Box office


The film grossed $25.2 million in North America, and $10.8 million internationally, for a total gross of $36.1 million, against a $35 million budget.[1]

Critical reception


Jersey Girl received mixed reviews from critics. The review aggregator website Rotten Tomatoes reported an approval rating of 43% based on 177 reviews, with an average rating of 5.30/10. The website's critical consensus reads, "A surprisingly conventional romantic comedy from Kevin Smith, Jersey Girl is warm but often overly sentimental".[12] On Metacritic, the film has a score of 43 out of 100, based on 35 critics, indicating "mixed or average reviews".[13]

Smith was quoted saying his film was "not for critics".[14] Smith's reaction to Jersey Girl after its failure was dour. He referenced the film during his cameo appearance in Degrassi: The Next Generation, jokingly telling Paige Michalchuk, whom his character had cut out of his fictional film Jay and Silent Bob Go Canadian, Eh!, that he cut Lopez out of most of Jersey Girl and wanted to cut Affleck out too, "but then it just would have been that little kid."[citation needed] In an interview on the Clerks II DVD, Smith noted "All these people were just trashing this movie's stars instead of looking at the movie itself. I get that a lot of people didn't like it but dude, I spent two years of my life on that movie."[15]

The film was nominated for three Razzie Awards: Worst Actor for Ben Affleck, Worst Supporting Actress for Jennifer Lopez, and according to the press release, "Ben Affleck and either Jennifer Lopez or Liv Tyler" for Worst On-Screen Couple. Raquel Castro won a Young Artist Award for Best Performance in a Feature Film – Young Actress Age Ten or Younger, for her performance, and the film was nominated for Best Family Feature Film – Comedy or Musical, but lost to Christmas with the Kranks.[16]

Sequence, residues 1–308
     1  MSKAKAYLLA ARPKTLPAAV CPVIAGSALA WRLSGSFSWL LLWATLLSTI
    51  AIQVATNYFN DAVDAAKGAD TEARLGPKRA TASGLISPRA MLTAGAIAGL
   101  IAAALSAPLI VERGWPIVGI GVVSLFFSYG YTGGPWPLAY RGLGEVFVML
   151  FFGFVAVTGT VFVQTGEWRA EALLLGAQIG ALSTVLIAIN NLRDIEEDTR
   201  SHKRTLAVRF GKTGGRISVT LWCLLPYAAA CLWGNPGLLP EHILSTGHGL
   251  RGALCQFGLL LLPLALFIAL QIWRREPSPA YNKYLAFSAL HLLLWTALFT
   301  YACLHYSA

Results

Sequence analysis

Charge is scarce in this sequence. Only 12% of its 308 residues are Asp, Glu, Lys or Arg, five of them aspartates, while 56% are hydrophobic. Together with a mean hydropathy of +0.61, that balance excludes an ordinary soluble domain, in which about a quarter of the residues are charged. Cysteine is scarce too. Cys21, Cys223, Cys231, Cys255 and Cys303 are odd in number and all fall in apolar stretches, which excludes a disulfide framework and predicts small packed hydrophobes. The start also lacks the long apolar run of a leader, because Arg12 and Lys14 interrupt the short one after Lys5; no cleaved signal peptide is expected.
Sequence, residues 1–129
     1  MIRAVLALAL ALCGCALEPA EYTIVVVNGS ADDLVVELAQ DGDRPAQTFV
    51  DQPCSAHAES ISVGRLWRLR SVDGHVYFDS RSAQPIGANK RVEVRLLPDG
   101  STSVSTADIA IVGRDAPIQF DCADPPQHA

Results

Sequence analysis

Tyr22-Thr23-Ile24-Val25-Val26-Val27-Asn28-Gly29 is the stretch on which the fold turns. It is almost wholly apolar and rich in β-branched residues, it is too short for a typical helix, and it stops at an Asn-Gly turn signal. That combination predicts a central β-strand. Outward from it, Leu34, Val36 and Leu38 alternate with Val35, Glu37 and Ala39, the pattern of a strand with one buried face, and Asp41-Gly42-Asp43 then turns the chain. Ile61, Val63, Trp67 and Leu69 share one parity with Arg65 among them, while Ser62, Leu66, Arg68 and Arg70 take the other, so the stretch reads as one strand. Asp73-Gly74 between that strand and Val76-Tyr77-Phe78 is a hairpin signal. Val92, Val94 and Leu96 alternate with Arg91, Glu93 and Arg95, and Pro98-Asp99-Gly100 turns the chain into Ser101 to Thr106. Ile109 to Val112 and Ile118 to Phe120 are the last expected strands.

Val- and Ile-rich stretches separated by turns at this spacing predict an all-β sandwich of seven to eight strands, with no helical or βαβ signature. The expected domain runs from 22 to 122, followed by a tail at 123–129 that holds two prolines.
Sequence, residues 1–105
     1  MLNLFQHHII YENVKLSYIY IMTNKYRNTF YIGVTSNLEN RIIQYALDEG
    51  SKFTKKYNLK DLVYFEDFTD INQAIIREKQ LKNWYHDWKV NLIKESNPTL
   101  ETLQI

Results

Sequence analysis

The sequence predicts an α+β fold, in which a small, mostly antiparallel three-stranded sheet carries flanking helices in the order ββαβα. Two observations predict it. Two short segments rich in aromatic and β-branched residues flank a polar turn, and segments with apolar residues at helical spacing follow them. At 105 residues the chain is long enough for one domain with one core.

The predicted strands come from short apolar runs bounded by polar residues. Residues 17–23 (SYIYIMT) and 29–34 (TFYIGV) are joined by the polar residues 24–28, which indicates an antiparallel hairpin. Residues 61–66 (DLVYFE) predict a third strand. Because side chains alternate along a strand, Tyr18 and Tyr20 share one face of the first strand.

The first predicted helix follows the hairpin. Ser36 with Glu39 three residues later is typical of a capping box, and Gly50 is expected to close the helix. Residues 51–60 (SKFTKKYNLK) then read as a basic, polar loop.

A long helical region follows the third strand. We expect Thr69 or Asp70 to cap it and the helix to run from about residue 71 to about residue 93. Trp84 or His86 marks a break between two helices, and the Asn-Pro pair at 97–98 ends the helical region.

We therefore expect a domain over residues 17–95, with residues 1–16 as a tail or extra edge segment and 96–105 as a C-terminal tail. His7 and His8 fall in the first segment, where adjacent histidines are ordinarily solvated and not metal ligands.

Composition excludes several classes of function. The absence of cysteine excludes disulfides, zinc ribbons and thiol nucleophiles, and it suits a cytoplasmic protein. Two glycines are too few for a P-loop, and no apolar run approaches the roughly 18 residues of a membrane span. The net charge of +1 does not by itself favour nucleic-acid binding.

1. ^ a b c "Jersey Girl". Box Office Mojo. IMDb. Retrieved August 21, 2017.
  2. ^ Masters, Kim (February 3, 2011). "Kevin Smith: 'Alarmist Ninnies' Misinterpreted Sundance Outburst". The Hollywood Reporter. Prometheus Global Media. Retrieved June 29, 2018.
  3. ^ "Marketing 'Jersey Girl' in a post-'Gigli' world". Today. Associated Press. March 24, 2004. Retrieved August 21, 2017.
  4. ^ Smith, Kevin (August 8, 2007). "Rosario, the Prom, and the Week That Was". Silent Bob Speaks. My Boring Ass Life. Retrieved June 29, 2018.
  5. ^ "Visit Highlands, New Jersey". Jersey Girl official website. Miramax. Archived from the original on September 3, 2006. Retrieved August 21, 2017.
  6. ^ "AICN, Round Two: Responses to Talk-Back Posts". View Askew Productions. Archived from the original on September 30, 2007. Retrieved June 29, 2018.
  7. ^ Smith, Kevin (August 12, 2003). "Come Back, Jason Blair! All is forgiven!". View Askew Productions. Retrieved June 29, 2018.
  8. ^ Wloszczyna, Susan (March 21, 2004). "Kevin Smith shares the 'Jersey Girl' love". USA Today. Gannett Company. Retrieved February 14, 2018.
  9. ^ Ingram, Malcolm. "Blow Hard Episode #2: Blow Harder". Blow Hard. SModcast. Archived from the original on September 7, 2010. Retrieved September 9, 2010.
  10. ^ "Smith wins appeal for R rating on 'Porno'". USA Today. Gannett Company. Associated Press. August 5, 2008. Retrieved August 21, 2017.
  11. ^ Kirkham, Steven; Jamieson, Robert; Turner, James (April 4, 2009). "Vancouver Q&A: What We Learned..." News Askew. Archived from the original on April 4, 2009. Retrieved August 21, 2017.{{cite web}}: CS1 maint: unfit URL (link)
  12. ^ "Jersey Girl (2004)". Rotten Tomatoes. Fandango Media. Retrieved November 26, 2020.
  13. ^ "Jersey Girl Reviews". Metacritic. CBS Interactive. Retrieved August 21, 2017.
  14. ^ Ansen, David (March 29, 2004). "Director Kevin Smith says his warm new movie, 'Jersey Girl,' wasn't made for critics. Good thing. A frank exchange with NEWSWEEK's David Ansen". View Askew Productions. Retrieved August 21, 2017.
  15. ^ Harris, Will (November 10, 2006). "Kevin Smith interview, Silent Bob". Retrieved August 21, 2017.
  16. ^ "Award nominations at Young Artists Awards". Young Artist Awards. Archived from the original on January 22, 2017. Retrieved August 21, 2017.